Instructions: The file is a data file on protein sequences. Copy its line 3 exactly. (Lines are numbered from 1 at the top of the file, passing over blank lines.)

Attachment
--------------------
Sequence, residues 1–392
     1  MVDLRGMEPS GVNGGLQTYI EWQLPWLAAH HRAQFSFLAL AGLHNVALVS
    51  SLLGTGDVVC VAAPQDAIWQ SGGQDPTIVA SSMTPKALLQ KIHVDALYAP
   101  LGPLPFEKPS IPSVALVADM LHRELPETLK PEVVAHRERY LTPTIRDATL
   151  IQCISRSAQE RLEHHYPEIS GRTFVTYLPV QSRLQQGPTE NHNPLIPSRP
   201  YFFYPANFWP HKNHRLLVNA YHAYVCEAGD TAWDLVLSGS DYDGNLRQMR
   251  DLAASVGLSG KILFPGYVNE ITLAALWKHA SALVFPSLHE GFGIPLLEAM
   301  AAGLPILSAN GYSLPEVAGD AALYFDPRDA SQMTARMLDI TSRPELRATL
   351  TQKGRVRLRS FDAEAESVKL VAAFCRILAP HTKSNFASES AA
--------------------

    51  SLLGTGDVVC VAAPQDAIWQ SGGQDPTIVA SSMTPKALLQ KIHVDALYAP